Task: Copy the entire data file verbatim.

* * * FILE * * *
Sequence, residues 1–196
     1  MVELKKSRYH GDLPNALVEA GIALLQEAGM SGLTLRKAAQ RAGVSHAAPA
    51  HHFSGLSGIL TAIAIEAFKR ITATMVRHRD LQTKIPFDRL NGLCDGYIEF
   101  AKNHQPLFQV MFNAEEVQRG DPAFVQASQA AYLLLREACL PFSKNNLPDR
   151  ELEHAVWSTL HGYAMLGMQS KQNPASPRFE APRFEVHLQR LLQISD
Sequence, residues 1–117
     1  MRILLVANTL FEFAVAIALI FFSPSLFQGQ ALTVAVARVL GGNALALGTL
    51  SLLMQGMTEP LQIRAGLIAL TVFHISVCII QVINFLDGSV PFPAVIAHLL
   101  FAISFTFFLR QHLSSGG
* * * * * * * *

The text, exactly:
Sequence, residues 1–196
     1  MVELKKSRYH GDLPNALVEA GIALLQEAGM SGLTLRKAAQ RAGVSHAAPA
    51  HHFSGLSGIL TAIAIEAFKR ITATMVRHRD LQTKIPFDRL NGLCDGYIEF
   101  AKNHQPLFQV MFNAEEVQRG DPAFVQASQA AYLLLREACL PFSKNNLPDR
   151  ELEHAVWSTL HGYAMLGMQS KQNPASPRFE APRFEVHLQR LLQISD
Sequence, residues 1–117
     1  MRILLVANTL FEFAVAIALI FFSPSLFQGQ ALTVAVARVL GGNALALGTL
    51  SLLMQGMTEP LQIRAGLIAL TVFHISVCII QVINFLDGSV PFPAVIAHLL
   101  FAISFTFFLR QHLSSGG